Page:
Bradley said a huge problem lies in the fact that Massachusetts is a state that “runs east-west,” with no simple way to actually travel from east to west or vice versa, other than the Massachusetts Turnpike. While Baker signed a law in 2022 to ban the sale of all new gasoline-powered cars in Massachusetts by 2035, Bradley said it is simply not enough to bring about the needed changes because of the significant amount of time it would take to make an impact.

100% renewable energy could be the way forward

Instead, Neumann and Bradley advocate that Massachusetts should set a new, more ambitious goal of reaching 100% renewable energy by a set date to make meaningful progress and to divert entirely from fossil fuels. It would certainly cost more, Bradley said, “but even if you fall short, at least you’re heading in the right direction.”

Extinction Rebellion, a group of climate activists who frequently stage non-violent demonstrations and protests across the country, also share these sentiments. Susan Lemont of XR Boston explained the reason why members are often found on the steps of the State House demanding more action from the government.

“I don’t know why people don’t see the urgency, because it’s pretty obvious to me that carbon pollution is killing our planet,” Lemont said. “I would think that not much happens because of the money that fossil fuel companies have given to government officials, certainly on the federal level but also the state level.”

Baker and Healey have garnered criticism from opponents in the past for supporting a gas tax holiday and accepting donations from utility companies, respectively.

But while both had pledged to make progress on the climate crisis, it certainly is not the urgent leaps and bounds that XR Boston is searching for. The group demands halting the use of fossil fuels altogether and to achieve net zero emissions by 2025, not 2050. Lemont said it is because the climate is “collapsing.”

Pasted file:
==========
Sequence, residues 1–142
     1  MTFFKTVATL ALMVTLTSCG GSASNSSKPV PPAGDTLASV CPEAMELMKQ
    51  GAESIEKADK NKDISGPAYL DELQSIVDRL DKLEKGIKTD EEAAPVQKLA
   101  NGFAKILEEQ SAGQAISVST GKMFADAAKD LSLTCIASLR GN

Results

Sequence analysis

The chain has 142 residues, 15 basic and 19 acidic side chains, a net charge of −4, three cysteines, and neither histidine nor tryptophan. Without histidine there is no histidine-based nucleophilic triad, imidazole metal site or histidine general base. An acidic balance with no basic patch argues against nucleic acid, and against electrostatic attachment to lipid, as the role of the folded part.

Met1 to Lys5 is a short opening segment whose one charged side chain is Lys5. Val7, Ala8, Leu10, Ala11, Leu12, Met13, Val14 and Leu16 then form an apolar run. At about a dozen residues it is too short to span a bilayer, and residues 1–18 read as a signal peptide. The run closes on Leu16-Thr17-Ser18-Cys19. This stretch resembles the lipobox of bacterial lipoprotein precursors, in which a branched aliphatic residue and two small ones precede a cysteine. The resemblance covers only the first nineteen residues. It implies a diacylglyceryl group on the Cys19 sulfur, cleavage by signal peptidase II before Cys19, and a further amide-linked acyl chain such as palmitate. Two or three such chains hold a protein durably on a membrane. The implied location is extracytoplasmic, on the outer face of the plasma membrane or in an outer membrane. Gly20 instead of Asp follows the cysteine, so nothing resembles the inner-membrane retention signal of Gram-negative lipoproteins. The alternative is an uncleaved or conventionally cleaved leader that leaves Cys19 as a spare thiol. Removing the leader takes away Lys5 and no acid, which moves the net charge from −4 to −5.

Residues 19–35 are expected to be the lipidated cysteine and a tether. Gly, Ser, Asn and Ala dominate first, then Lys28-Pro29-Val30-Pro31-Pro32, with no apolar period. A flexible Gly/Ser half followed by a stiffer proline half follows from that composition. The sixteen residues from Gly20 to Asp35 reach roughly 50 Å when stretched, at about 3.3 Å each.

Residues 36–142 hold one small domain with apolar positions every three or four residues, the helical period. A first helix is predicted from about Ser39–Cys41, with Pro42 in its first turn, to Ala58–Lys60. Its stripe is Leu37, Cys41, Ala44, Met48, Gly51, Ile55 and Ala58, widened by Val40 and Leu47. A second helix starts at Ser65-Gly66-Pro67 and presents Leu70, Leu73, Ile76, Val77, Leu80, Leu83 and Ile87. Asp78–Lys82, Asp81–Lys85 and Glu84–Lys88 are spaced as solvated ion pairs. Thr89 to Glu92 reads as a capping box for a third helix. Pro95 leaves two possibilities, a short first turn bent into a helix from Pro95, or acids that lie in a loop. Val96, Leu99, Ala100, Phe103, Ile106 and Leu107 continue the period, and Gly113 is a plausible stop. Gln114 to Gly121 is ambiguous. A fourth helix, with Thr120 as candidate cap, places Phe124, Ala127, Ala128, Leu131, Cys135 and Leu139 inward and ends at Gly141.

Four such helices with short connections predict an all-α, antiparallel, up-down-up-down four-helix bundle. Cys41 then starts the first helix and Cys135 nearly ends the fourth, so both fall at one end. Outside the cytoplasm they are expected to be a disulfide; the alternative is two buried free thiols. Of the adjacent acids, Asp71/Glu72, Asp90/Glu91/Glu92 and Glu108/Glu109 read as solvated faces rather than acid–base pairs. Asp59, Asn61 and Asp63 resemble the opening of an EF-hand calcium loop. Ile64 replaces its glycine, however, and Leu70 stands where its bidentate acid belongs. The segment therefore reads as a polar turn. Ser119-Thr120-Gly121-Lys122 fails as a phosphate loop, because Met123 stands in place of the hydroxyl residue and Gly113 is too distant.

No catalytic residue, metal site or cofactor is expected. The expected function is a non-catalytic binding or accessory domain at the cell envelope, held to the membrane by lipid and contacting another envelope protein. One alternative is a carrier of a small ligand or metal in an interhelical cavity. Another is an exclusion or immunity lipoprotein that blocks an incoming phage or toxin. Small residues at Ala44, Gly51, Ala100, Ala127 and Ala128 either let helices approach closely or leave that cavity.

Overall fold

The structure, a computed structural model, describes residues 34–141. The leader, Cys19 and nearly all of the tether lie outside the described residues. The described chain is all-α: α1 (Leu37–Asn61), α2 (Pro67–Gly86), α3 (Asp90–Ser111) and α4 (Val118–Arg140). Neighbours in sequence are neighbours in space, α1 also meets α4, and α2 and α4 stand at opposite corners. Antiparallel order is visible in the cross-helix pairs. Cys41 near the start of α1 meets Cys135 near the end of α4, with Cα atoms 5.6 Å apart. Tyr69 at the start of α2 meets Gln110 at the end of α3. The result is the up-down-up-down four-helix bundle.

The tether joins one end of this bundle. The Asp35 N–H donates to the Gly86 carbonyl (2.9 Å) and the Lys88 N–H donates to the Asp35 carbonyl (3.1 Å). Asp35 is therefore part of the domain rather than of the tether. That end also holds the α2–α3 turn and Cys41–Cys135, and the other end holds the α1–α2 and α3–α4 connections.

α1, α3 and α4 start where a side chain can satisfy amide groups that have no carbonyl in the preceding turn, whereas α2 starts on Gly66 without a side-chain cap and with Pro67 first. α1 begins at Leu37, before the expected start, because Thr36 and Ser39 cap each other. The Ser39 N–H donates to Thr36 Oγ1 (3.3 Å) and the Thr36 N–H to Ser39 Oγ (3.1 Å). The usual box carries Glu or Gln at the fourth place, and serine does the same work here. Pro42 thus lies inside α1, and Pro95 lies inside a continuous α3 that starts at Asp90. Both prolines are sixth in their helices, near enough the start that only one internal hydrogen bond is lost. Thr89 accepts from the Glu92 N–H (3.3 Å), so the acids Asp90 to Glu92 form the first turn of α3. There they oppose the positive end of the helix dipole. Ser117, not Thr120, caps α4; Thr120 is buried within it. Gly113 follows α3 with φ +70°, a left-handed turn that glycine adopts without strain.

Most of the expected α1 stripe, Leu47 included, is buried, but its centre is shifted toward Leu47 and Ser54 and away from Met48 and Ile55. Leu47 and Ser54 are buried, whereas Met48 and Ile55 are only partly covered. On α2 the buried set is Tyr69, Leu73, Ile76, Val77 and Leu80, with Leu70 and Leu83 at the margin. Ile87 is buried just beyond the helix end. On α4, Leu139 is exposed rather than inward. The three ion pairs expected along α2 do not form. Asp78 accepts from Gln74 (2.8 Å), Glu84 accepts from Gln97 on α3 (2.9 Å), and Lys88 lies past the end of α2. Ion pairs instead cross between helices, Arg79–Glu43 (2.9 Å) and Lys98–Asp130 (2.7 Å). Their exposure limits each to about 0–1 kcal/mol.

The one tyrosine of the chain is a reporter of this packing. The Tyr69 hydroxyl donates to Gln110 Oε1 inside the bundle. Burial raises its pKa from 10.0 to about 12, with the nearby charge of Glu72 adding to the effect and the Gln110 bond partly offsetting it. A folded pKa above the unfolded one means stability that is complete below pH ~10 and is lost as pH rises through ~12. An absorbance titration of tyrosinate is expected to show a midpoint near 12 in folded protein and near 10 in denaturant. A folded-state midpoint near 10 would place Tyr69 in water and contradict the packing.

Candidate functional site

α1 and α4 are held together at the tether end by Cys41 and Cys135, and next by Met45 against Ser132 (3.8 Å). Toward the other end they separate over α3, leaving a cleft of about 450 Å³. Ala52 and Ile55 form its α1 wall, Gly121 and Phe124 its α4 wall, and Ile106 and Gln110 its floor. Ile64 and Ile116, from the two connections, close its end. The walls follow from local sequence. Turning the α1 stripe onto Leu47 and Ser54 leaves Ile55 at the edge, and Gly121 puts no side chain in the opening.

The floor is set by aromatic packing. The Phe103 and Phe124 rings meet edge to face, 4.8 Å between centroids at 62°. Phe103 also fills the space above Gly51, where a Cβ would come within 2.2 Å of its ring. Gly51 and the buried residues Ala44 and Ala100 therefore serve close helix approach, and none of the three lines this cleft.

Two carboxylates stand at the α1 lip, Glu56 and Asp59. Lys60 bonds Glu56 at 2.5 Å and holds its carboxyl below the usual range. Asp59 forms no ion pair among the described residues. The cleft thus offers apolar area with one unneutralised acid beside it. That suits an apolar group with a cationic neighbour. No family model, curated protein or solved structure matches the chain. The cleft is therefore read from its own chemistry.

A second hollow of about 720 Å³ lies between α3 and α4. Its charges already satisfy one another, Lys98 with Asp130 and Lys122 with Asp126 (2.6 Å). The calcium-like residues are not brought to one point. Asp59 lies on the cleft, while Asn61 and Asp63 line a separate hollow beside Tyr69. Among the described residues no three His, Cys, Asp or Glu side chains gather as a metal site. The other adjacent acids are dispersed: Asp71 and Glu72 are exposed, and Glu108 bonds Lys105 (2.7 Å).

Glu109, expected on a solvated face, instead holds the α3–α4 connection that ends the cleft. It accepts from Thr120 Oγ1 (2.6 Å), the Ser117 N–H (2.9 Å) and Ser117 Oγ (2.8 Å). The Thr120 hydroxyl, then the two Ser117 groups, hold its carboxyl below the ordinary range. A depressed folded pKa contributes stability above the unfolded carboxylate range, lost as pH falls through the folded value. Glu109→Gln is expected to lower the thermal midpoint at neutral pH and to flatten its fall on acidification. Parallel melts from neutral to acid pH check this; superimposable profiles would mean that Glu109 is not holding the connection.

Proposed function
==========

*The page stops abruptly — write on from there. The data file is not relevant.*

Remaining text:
“It’s imperative that Massachusetts makes big steps now. I think it’s going to be dicey if we don’t achieve net zero by at least 2030,” Lemont said. “We’re just trying to press the Commonwealth to do that.”

Bradley said these “big steps” can even start small, such as pledging to reach net zero emissions, and then thinking bigger along the way.

“I think the way this works is you start off with something that people think is completely unrealistic, or very ambitious, and then suddenly, it’s not so unrealistic and it’s not quite as ambitious because new technologies come along, new people adapt and adopt things,” Bradley said. “So then, you can begin to say, okay, well, maybe that goal can be improved upon. So it’s a sequential sort of process.”

Environment Massachusetts has pressed for the passage of the 100% Clean Act (H.3689), which Neumann, who is also Environment America’s senior director of the Campaign for 100% Renewable Energy, explained would codify a commitment to switch to renewable energy sources by 2035, along with many other stipulations for the transportation and building sectors to ensure emissions reduction and work towards a greener and environmentally friendly Commonwealth.

“Shifting how we produce energy is a monumental task, and we’re going to have to build the bicycle at the same time we’re riding it. It’s not going to be a process without hiccups. But we know that it’s something that we need to do and the resources are there,” Neumann said. “We just need to get cracking.”

This article was produced for HorizonMass, the independent, student-driven, news outlet of the Boston Institute for Nonprofit Journalism, and is syndicated by BINJ’s MassWire news service.

Taylor Brokesh (she/her) is a HorizonMass reporter. She is also a senior studying journalism at Boston University. Brokesh has covered just about everything, from state government to midterm elections to the World Cup and beyond, and in the future she hopes to cover the environment and politics. When she’s not reporting or editing, you can find her watching movies from the early 2000s, browsing small record stores and bookstores or hunting for the next best bowl of ramen.